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Illustration by Frank Rapacciuolo

Boost your design by micro-interactions

How to design details and animations within your app

Frank Rapacciuolo
Feb 6, 2016 · 5 min read

Everyday millions of people interact with a smartphone and perform different actions: enter the password to sign in to a social network, turn off the volume, press the button like, etc …Each of these actions is a micro-interaction.

A few days ago I was testing with a friend on Facebook Messenger and I discovered something wonderful. I wanted to send a “like” (thumbs up) and I accidentally pressed the button for an extra few instants. I found out that, if the button is held down, the icon becomes larger and larger until you take your finger off the screen. I stayed there for a few minutes to repeat the operation several times, it was too funny. I was pretty dazed.

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Thumbs up di Facebook Messenger

This animation is a good example of micro-interaction, because it fulfills three important functions:

  • Communicating status and providing feedback

These are functions of a micro-interaction according to Dan Saffer, the author of Microinteractions.

What exactly is a micro-interaction?

It is a user action that triggers another action by the device. Technically it consists of:

  • Trigger: the start of micro-interaction, when the user presses the button.

Mobile users interact with two key design elements: features and details. The features attract people to use the product, the details are what thrills them. Using micro-interactions, you can turn something boring and lifeless into something fun and playful. The dream of every designer is an app that works well, with no bugs and easy to use, and with more attention to details and micro-interactions the app can be perfect.

Another good example of micro-interaction that struck me is the Google Chrome refresh.

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Pull to refresh action, Google Chrome. Animation by Chris Lee

With this type of interaction is easy and intuitive to refresh the page. It is the continuation of a natural gesture that we do instinctively which is dragging down the screen. In this case, there are two other actions: “add window” and “close window” , that represent the actions that we need when we use a browser.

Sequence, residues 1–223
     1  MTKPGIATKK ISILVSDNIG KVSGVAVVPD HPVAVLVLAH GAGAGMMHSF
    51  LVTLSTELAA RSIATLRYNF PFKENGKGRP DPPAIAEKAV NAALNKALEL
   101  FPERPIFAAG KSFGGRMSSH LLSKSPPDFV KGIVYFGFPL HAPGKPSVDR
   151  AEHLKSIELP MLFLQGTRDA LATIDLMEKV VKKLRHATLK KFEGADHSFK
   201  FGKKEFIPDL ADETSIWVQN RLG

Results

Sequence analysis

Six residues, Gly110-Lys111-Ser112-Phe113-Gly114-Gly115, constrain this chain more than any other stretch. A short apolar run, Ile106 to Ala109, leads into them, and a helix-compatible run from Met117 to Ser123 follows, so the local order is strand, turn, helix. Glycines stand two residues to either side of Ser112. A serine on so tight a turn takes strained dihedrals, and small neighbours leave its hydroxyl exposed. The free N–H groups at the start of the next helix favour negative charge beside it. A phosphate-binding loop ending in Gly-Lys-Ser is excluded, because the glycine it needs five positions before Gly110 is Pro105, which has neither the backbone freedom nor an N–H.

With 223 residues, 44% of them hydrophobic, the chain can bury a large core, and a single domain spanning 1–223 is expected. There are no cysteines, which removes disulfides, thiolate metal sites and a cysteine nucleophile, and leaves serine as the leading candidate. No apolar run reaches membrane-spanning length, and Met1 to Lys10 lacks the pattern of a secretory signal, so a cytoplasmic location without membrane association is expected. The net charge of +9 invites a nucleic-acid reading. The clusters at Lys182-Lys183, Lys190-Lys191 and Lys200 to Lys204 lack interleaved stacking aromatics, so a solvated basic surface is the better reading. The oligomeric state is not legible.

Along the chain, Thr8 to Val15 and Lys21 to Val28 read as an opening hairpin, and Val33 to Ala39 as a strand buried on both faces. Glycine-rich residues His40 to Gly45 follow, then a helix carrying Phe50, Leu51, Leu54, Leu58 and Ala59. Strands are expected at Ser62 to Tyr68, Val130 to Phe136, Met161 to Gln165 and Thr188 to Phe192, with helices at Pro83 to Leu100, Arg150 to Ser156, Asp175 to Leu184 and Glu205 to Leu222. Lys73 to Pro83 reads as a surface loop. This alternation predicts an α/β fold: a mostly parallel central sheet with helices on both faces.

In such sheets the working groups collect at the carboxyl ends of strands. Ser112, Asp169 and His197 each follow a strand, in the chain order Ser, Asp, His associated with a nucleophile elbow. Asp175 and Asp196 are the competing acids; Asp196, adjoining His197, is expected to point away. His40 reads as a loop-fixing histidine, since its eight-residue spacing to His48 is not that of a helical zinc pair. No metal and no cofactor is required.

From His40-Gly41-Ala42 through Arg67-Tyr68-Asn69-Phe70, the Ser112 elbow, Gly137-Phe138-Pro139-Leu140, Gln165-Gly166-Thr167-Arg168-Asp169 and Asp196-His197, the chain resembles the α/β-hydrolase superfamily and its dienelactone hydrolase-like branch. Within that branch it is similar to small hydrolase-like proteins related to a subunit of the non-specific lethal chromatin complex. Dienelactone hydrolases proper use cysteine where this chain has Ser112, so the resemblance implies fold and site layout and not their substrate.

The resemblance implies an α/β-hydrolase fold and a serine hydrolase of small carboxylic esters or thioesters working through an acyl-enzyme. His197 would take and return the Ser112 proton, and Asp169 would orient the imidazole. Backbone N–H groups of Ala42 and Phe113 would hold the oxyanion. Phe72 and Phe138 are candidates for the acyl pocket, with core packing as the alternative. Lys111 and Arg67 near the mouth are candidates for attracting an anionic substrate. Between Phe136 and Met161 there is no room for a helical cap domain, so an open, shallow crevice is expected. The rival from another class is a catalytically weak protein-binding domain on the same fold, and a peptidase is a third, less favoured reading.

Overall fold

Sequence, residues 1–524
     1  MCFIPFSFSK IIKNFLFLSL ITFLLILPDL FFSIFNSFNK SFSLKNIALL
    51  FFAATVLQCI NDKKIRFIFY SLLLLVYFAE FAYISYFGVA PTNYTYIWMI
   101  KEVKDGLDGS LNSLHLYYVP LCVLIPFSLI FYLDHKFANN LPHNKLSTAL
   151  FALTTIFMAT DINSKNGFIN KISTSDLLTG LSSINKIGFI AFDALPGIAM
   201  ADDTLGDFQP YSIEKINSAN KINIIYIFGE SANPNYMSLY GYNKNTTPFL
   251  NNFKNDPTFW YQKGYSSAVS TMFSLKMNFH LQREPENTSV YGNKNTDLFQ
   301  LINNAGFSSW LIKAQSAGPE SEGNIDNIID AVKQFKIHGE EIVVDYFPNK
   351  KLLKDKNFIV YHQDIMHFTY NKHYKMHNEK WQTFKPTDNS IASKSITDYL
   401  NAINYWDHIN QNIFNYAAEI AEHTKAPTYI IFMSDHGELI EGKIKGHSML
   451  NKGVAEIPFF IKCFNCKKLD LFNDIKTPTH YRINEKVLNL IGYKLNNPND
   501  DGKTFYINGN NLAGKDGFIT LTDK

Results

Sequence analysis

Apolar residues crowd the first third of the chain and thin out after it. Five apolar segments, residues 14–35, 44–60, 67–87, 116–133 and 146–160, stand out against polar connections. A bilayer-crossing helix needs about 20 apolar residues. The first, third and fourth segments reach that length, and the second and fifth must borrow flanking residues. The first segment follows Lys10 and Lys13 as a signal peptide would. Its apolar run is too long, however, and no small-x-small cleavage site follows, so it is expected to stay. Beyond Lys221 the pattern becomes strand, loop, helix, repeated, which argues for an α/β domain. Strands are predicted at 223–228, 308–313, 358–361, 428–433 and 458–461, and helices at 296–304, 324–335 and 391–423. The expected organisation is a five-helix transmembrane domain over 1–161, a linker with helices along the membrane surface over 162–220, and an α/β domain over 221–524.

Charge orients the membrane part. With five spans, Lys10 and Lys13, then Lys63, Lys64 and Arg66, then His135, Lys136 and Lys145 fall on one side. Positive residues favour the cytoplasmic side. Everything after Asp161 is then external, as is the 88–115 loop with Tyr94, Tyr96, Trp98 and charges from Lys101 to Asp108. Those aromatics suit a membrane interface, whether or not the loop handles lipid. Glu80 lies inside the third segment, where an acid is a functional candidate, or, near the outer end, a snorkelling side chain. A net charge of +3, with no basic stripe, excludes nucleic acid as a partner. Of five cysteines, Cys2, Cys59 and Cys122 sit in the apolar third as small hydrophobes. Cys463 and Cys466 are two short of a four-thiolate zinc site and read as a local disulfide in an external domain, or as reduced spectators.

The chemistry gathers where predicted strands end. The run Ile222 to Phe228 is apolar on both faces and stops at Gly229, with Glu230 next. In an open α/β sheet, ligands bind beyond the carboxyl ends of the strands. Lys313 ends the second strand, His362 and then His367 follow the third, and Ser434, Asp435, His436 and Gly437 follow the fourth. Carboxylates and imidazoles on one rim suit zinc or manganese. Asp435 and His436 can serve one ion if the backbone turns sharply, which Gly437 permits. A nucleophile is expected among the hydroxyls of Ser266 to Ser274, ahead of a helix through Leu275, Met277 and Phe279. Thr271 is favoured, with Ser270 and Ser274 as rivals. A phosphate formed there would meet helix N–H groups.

Besides the useful features, there is one factor that we must always keep in mind when designing a micro-interaction: the game factor. It is so pleasant to add a new window or close it, it seems almost like I’m playing with it. Try it, it will affect you in the same way!

Loren Brichter, the creator of the “pull to refresh” interaction, says:
“Why make the user stops scrolling, lift their finger, then tap a button? Why not have them continue the gesture that they are already in the process of making? When I want to see newer stuff, I scroll up. I know I made the gesture scrolling itself.”

How to design micro-interactions?

Making micro-interactions is exciting for designers, because it is possible to experiment new design solutions and look for new ways to surprise the users. But for doing it you must keep in mind a few things :

  • Put yourself in the users shoes and use all that you have to figure out how they use your app.

Another interesting example of micro-interaction is the selection of the genre within the Beats app (now Music).

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Genres selection, Beats

In the Beats app, it is possible to select a genre in a fun way without being bored, making the selection like a game. In this way, you can imagine what’s going on. When the circle is pressed, genre is selected. At the bottom a “next” button appears that allows you to continue to the next step. Around the user avatar appears a progress bar that indicates the exact progress on the initial tour. Usually, the users tends to skip the steps of the onboarding without even reading what is written.

This micro-interaction captures the user’s attention and guides him through the various steps of the tour. At the same time, he is in the middle of a pleasant experience.

Conclusion

I was always attracted by the well-designed app with a functional and pleasant design. If you combine these ingredients with the micro-interactions you can create the perfect product because on one hand you draw the user’s attention, on the other you generate pleasant emotions.

The details are the design. Charles Eames

Some animations that inspire me:

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Float Label Form Interaction by Matt D. Smith
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Pull to refresh by Michael B. Myers Jr.
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Trello Navigation by Aurélien Salomon
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The PartyUp App — Calendar Kreativa Studio
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Photo Calendar for iOS by Bien Studio
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Magic Tabs by Abhinav Chhikara

Resources : Microinteractions book (Dan Saffer)

Thanks for reading!

_
Who am I? I’m product designer at
Musixmatch. On a mission to make products attractive, functional and simple to use. Dribbble Twitter Linkedin

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Frank Rapacciuolo

Written by

Product Designer @Musixmatch https://dribbble.com/frankiefreesbie

The Startup

Medium's largest active publication, followed by +717K people. Follow to join our community.

Frank Rapacciuolo

Written by

Product Designer @Musixmatch https://dribbble.com/frankiefreesbie

The Startup

Medium's largest active publication, followed by +717K people. Follow to join our community.

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